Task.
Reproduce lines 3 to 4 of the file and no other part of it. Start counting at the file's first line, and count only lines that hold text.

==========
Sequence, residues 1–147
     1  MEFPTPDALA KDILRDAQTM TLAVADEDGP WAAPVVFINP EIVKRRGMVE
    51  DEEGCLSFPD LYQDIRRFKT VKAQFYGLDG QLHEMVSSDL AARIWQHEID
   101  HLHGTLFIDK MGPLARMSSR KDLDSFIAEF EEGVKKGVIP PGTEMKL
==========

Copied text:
    51  DEEGCLSFPD LYQDIRRFKT VKAQFYGLDG QLHEMVSSDL AARIWQHEID
   101  HLHGTLFIDK MGPLARMSSR KDLDSFIAEF EEGVKKGVIP PGTEMKL